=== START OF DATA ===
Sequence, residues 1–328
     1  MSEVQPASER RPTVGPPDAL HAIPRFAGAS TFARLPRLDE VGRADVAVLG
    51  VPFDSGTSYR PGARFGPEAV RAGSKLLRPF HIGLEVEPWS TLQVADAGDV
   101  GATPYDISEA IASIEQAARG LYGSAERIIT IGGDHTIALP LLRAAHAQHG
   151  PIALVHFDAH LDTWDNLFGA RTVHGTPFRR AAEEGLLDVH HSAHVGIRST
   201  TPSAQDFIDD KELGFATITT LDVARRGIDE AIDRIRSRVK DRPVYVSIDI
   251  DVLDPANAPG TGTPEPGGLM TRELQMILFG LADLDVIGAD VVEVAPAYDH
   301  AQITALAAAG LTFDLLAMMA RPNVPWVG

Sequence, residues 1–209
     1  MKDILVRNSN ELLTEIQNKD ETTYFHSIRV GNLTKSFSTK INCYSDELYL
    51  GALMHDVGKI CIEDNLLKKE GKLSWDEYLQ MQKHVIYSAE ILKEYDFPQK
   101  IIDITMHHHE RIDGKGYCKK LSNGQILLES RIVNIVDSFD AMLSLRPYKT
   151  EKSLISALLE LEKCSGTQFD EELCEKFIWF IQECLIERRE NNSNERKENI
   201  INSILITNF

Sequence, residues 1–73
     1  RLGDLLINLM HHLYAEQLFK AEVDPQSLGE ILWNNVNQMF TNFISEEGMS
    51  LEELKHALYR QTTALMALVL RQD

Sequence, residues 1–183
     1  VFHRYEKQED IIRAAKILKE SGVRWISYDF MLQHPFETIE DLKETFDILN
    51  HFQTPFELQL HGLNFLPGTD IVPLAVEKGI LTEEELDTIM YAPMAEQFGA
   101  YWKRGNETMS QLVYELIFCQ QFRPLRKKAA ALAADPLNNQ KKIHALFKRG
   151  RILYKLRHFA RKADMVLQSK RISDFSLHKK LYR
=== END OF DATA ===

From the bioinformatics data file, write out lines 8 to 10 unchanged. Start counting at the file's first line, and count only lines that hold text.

   301  AQITALAAAG LTFDLLAMMA RPNVPWVG

Sequence, residues 1–209
     1  MKDILVRNSN ELLTEIQNKD ETTYFHSIRV GNLTKSFSTK INCYSDELYL